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Buddhism has made its way into American popular culture, particularly within the arena of death and dying. The growing influence of Buddhism on the American way of dying has been fostered through its connection with the American hospice movement. This paper describes the developing contact between Buddhism and hospice and documents the efforts of several prominent Buddhist organizations to revolutionize American death practices. The Buddhist approach to death has captured the interest of an American public attracted to its nonsectarian language of spirituality and pragmatic techniques for dealing with death.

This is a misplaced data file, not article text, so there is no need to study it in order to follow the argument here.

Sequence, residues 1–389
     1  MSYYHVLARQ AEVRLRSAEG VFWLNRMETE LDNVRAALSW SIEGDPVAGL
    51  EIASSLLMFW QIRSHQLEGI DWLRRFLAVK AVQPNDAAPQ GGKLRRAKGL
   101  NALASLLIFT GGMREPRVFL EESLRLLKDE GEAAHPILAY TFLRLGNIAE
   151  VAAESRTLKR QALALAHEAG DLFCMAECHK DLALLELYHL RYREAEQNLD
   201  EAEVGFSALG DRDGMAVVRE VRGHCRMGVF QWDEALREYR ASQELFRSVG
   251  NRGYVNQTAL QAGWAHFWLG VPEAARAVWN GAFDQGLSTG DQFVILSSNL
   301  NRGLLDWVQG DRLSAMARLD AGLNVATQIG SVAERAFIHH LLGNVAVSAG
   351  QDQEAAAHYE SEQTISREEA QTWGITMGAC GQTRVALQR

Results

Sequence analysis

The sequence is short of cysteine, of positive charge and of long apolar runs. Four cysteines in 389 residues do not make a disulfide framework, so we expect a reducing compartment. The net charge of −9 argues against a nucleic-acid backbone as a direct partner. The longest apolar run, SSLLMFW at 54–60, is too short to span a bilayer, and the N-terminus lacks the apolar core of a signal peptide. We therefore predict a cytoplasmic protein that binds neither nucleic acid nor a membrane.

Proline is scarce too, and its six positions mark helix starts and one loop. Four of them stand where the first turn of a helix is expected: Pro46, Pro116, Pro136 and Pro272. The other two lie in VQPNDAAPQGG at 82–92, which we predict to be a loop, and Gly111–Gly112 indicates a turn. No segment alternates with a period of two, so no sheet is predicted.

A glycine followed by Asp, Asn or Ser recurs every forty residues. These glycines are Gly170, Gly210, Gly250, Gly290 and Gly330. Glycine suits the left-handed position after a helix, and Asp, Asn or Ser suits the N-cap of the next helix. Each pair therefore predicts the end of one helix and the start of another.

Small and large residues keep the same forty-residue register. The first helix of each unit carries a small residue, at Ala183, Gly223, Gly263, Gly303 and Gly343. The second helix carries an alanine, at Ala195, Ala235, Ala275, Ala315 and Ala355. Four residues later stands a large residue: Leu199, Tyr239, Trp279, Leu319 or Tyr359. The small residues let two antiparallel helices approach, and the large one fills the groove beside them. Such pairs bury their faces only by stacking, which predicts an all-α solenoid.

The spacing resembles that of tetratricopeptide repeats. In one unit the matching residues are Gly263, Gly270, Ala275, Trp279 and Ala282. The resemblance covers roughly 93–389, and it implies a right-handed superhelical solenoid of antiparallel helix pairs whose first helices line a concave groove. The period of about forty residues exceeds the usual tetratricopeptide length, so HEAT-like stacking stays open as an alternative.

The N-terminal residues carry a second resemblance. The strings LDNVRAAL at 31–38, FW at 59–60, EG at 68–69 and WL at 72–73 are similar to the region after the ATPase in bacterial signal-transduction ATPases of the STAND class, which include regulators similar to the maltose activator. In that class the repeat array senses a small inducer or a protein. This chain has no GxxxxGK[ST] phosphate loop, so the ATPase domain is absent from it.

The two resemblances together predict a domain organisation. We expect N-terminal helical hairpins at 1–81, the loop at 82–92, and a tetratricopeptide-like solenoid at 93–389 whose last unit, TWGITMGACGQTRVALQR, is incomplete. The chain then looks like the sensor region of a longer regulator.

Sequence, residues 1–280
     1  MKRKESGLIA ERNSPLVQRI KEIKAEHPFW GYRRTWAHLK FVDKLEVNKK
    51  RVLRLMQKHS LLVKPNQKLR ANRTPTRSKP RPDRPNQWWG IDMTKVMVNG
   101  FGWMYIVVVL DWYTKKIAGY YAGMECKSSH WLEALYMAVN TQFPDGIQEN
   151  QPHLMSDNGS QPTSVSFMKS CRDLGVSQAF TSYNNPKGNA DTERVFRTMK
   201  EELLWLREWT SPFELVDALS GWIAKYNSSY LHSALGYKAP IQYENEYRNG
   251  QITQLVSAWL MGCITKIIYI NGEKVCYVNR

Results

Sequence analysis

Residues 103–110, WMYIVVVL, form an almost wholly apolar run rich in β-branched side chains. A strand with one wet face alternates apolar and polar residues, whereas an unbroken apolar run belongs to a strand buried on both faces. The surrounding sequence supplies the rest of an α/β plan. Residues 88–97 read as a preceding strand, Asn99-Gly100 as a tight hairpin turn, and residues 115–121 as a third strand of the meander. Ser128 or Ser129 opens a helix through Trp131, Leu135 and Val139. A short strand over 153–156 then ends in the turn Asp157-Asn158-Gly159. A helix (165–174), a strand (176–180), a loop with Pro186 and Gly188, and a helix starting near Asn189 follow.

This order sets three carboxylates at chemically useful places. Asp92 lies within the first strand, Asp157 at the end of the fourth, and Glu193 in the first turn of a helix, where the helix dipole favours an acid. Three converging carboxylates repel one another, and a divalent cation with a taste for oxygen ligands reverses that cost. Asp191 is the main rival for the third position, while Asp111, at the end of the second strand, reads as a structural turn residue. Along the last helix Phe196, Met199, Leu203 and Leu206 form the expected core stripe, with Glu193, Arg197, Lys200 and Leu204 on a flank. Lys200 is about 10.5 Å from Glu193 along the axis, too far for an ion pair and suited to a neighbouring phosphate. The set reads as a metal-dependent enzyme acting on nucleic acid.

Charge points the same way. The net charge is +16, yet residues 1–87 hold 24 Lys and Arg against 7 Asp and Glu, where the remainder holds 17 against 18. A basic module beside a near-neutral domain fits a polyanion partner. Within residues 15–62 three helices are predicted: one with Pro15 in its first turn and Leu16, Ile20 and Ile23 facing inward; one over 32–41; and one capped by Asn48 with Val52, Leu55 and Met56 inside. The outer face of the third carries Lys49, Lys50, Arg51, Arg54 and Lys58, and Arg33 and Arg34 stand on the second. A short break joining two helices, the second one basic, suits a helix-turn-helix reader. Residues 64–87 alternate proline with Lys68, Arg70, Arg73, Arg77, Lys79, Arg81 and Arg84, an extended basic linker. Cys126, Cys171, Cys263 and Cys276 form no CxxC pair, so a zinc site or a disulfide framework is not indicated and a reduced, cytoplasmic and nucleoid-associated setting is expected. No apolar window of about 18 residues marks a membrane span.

In this interpretive study, the authors explore the experience of mindfulness among hospice caregivers who regularly practice mindfulness meditation at a Zen hospice. They explore meditative awareness constituted within themes of meditation-in-action, abiding in liminal spaces, seeing differently, and resting in groundlessness. By opening into nonconceptual, paradoxical, and uncertain dimensions of experience, hospice caregivers cultivate internal and external environments in which direct experience is increasingly held without judgment. This inquiry points to in-between spaces of human experience wherein mindfulness fosters openness and supports letting go, and creating spaces for whatever is happening in attending the living-and-dying process.
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